What is Agile Methodology? | Lucidchart Blog
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As a project manager, you’re aware that your company needs to keep up with a constantly changing landscape, and traditional methods of project management aren’t always enough. Many companies stay ahead by using leaner, faster, and more experimental ways of driving production.

Enter: the Agile methodology.

There is no one definition of agile methodology. Rather, Agile methodology is a mindset or way of approaching a project. Instead of planning and moving towards a delivery or launch date, the Agile methodology breaks the developmental process into iterative steps, allowing for flexibility, testing, and change throughout the lifecycle of the project.

Learn more about what Agile methodology is and how you can apply these principles on your team.

What is Agile methodology?

Agile methodology rejects sequential phases and relies on simultaneous, incremental work across various departments. Teams complete work in sprints, which are typically broken out into two-week chunks of time. Various checkpoints throughout the project allow the team to change direction as needed. By continually taking the temperature of the project throughout the process, you can deliver a better final product.

Why choose Agile as opposed to the traditional Waterfall method or other management styles?

As Scott Sehlhorst, product management and strategy consultant, explains:

"There are three contexts in which being agile provide significant value—and key benefits in each context. Team members get feedback on their work and an understanding of how what they created had an impact, providing intrinsic benefit as individuals. Engineering organizations collectively become not only more efficient in their operations but also more effective in their delivery of value. Companies as a whole become more adaptive to changes in their markets and therefore more competitive—leveraging both the increased effectiveness and their newfound responsiveness."

How does Agile work?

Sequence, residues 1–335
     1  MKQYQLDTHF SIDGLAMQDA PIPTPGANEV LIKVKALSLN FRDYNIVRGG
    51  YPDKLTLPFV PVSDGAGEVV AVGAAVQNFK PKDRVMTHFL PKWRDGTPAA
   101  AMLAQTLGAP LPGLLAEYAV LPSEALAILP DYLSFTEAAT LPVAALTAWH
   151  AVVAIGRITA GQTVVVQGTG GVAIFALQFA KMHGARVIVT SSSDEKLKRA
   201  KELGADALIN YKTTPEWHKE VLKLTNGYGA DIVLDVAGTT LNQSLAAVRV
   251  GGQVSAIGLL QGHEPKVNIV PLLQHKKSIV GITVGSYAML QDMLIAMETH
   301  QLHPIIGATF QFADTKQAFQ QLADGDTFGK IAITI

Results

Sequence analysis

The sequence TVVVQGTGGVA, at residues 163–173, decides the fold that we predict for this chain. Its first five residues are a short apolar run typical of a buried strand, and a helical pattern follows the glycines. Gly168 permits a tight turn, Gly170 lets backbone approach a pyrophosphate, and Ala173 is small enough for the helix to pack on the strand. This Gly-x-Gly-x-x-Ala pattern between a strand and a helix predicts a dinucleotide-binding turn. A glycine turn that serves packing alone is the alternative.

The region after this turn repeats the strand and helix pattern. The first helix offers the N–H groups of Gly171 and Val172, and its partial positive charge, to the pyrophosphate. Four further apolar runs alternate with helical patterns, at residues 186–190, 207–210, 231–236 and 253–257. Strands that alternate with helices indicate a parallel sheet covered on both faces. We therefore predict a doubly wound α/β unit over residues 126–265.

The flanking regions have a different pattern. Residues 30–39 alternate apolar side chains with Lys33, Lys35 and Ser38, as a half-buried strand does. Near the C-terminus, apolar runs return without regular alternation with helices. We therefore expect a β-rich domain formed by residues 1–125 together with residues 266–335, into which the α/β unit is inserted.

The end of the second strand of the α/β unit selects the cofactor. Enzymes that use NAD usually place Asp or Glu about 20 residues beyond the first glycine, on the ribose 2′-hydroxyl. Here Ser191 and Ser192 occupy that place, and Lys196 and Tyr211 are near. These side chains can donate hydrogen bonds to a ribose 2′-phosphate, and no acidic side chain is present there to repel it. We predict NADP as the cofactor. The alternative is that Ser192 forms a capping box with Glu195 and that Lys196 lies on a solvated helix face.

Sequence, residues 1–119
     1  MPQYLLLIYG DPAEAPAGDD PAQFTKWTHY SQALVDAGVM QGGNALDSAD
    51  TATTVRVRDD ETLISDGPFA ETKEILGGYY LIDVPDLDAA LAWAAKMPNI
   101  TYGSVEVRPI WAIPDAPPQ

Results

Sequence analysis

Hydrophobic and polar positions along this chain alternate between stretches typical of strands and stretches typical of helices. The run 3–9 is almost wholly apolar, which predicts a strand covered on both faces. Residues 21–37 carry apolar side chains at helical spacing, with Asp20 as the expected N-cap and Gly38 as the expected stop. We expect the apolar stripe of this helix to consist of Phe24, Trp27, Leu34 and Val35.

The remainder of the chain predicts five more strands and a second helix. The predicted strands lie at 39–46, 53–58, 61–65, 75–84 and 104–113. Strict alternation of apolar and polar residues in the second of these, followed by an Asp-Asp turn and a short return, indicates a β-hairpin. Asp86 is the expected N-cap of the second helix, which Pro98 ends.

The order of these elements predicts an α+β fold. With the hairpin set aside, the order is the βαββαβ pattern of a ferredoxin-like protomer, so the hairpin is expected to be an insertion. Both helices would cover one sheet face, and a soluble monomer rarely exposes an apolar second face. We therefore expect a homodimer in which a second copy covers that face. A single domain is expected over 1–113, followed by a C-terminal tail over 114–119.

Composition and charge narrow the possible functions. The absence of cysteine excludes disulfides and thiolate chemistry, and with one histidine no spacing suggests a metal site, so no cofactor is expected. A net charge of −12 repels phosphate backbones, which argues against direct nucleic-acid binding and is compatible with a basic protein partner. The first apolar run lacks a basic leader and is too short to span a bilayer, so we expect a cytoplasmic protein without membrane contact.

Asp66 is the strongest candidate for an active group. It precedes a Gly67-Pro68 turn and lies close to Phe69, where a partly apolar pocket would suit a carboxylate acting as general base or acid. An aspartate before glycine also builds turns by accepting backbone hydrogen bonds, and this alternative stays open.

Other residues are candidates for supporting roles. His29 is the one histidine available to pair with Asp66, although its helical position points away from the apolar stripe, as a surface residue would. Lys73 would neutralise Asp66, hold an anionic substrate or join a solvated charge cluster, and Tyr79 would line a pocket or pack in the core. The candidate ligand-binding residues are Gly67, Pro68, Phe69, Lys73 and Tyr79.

Putting Agile methodology into action is very simple, and you may already use a form of this method, even if you don’t realize it. Everyone is familiar with making to-do lists, prioritizing items, and then putting their nose to the grindstone to cross things off. The Agile method is just a more detailed and organized to-do list.

Step One: Make a list of features or must-have items. This step requires sitting down with the client and/or major stakeholders to identify the features of the project and an order of priority. In the example of software development, many groups use the MoSCoW rule to decide what items and features to include in the first phase of development:

  • Must have
  • Should have
  • Could have
  • Won’t have time now, but later

Step Two: Estimate how long each feature or item will take to complete. During this step, the team also sets priorities so that the most important items are completed first.

Step Three: Set a schedule to determine which features to work on first, when products can be released for testing, and the timeline for incorporating feedback into the iterations. As work continues, the team adjusts the plan and decides if the pace and cadence of the project is comfortable for all participants or needs to be increased or decreased.

Main values of Agile

While there are many types of Agile methodology frameworks, a few mainstay principles exist throughout all types. First of all, there are 12 principles from the Agile Manifesto:

  1. Customer satisfaction through early and continuous software delivery
  2. Accommodate changing requirements throughout the development process
  3. Frequent delivery of working software
  4. Collaboration between the business stakeholders and developers throughout the project
  5. Support, trust, and motivate the people involved
  6. Enable face-to-face interactions
  7. Working software is the primary measure of progress
  8. Agile processes to support a consistent development pace
  9. Attention to technical detail and design enhances agility
  10. Simplicity
  11. Self-organizing teams encourage great architectures, requirements, and designs
  12. Regular reflections on how to become more effective

These 12 principles are informed by four main values in Agile.

Individuals and interactions over processes and tools

The various implementations of the Agile method all rely on the ability of small teams to work independently and together to complete a project. In this setting, the team values face-to-face interactions over more passive means of communication, and individual participants are empowered to make decisions throughout the process instead of relying on top-down instruction or guidance.